Some wonder if they have had a home inspection when the FHA appraisal results come back. First-time home buyers should know that a home inspection is something that should be done regardless of the appraisal because the two procedures are quite different.
The appraisal is not a tool for the borrower and will not give you an idea of the true condition of the home. The home inspection is the job that needs to be done to give you that information.
The FHA itself publishes a pamphlet called “For Your Protection, Get A Home Inspection” which includes this advice;
“You have the right to examine carefully your potential new home with a professional home inspector. But a home inspection is not required by law, and will occur only if you ask for one and make the arrangements.”
You read that correctly. A borrower who needs to ask if they have had a home inspection has NOT HAD ONE. The purchaser must arrange and pay for the home inspection, which can be scheduled before or after the contract is signed.
It’s best to get one prior to singing the contract and/or have a clause added to the sales contract that the deal is contingent on the results of the inspection.
Remember, the appraisal is not an inspection. The FHA itself advises borrowers, “An appraisal estimates the market value of the home to protect the lender.
An appraisal does not examine or evaluate the condition of the home to protect the home buyer.” The appraisal process is designed only to make sure the home meets MINIMUM standards.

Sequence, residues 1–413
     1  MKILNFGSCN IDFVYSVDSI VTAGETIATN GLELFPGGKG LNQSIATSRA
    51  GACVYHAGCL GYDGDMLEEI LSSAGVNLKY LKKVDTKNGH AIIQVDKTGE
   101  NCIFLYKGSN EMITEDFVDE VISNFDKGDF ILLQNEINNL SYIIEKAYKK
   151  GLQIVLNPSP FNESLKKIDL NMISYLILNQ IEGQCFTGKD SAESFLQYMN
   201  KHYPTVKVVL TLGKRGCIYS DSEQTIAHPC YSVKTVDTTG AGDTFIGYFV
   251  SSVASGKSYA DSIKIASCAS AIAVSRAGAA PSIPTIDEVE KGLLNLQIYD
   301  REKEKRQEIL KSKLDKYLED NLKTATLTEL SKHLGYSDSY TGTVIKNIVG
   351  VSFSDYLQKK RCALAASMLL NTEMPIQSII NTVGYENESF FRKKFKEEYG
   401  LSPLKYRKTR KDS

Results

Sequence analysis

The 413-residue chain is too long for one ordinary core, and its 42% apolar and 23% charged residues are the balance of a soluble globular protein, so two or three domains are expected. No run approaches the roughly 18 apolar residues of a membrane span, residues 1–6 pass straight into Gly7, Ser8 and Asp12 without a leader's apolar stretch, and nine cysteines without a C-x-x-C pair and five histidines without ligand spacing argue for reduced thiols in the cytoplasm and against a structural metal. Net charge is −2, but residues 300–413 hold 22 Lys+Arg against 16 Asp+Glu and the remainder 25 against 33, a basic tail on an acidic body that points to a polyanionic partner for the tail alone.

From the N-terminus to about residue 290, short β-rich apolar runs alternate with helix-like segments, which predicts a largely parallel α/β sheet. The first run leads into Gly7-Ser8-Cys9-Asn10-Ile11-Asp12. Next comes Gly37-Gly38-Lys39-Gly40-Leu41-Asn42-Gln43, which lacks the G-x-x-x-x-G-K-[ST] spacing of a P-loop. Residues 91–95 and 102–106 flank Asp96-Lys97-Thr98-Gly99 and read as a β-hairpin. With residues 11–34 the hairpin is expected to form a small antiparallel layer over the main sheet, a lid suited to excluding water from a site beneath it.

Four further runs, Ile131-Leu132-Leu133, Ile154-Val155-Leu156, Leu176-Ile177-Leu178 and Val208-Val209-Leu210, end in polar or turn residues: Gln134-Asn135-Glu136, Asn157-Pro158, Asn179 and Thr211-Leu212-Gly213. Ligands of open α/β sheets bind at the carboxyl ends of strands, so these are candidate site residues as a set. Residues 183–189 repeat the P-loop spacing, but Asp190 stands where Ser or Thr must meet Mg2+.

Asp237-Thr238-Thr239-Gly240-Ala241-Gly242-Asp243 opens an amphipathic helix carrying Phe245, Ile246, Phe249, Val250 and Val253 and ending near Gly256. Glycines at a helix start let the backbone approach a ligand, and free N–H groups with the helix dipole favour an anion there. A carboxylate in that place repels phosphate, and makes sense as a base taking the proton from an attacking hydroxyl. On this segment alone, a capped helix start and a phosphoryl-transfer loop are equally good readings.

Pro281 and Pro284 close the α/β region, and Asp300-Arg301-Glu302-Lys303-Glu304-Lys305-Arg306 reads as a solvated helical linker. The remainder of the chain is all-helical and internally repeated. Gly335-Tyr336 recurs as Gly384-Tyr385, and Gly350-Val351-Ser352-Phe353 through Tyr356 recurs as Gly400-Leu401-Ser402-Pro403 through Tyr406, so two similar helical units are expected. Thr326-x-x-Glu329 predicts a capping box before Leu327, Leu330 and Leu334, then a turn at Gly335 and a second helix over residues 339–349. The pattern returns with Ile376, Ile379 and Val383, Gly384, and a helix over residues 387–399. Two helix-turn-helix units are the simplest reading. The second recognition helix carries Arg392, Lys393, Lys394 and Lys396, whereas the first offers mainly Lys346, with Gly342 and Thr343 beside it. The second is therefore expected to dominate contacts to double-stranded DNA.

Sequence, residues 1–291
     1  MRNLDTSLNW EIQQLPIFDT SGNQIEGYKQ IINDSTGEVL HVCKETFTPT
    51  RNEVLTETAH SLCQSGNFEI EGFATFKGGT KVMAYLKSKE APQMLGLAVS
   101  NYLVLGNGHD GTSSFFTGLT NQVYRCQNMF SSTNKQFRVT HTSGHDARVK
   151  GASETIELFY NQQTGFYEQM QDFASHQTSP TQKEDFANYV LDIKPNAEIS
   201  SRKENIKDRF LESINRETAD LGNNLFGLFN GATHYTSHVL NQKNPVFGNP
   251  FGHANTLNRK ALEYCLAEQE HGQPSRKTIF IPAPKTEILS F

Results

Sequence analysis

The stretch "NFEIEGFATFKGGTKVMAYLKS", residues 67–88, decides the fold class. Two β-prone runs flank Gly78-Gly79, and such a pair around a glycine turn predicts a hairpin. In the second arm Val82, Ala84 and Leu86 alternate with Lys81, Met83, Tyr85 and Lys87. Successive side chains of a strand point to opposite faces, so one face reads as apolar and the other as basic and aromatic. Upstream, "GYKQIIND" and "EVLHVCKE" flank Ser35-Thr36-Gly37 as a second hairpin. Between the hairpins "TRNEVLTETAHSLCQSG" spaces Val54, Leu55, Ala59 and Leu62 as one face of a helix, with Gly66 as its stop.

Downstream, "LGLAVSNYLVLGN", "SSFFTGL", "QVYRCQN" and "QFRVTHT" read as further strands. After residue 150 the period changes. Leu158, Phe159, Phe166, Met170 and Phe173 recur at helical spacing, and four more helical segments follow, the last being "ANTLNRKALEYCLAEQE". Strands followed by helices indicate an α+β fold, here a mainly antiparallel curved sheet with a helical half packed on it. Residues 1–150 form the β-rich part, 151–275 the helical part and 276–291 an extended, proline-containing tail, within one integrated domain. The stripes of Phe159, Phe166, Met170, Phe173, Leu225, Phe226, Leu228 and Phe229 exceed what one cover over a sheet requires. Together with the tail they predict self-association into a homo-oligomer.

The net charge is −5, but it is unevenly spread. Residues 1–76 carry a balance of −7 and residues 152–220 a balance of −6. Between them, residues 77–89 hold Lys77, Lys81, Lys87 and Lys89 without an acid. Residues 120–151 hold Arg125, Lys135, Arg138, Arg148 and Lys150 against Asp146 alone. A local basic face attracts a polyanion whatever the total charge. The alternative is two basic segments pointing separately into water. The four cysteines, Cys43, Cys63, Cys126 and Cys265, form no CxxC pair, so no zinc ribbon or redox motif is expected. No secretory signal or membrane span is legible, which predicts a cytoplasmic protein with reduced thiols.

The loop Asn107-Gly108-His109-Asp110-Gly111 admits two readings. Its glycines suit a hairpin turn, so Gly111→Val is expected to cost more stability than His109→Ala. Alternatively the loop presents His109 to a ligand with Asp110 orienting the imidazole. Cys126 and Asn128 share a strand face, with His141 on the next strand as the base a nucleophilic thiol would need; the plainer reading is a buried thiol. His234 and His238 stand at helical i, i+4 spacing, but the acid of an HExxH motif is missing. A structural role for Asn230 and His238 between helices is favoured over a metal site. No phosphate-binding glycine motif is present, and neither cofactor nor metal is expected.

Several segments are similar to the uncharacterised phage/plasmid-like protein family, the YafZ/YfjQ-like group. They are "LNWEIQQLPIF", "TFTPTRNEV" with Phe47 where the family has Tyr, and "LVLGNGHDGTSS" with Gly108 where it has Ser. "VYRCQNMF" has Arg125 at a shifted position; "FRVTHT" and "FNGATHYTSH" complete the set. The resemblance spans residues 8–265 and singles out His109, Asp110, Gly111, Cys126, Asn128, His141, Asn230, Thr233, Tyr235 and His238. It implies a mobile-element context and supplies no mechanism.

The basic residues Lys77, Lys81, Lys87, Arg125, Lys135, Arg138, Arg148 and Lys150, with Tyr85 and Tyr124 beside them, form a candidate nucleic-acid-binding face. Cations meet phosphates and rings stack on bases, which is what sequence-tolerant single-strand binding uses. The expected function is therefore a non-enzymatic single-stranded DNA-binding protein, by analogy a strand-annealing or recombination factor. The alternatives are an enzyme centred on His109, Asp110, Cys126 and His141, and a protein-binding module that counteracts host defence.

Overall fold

As stated above, if you do not arrange and pay for a home inspection, you have not had one. And those who choose to buy a home without the inspection on the strength of the appraisal alone do so at their own risk with no assistance possible from the FHA in the event that the property winds up having problems that were undetected before purchase.
From the FHA official site:
“If you find problems with your new home after closing, neither FHA nor your lender may give or lend you money for repairs. Additionally, neither FHA nor your lender may buy the home back from you. Ask a qualified home inspector to inspect your potential new home and give you the information you need to make a wise decision.”
Ask your lender about these issues if you don’t understand how they can affect your home loan.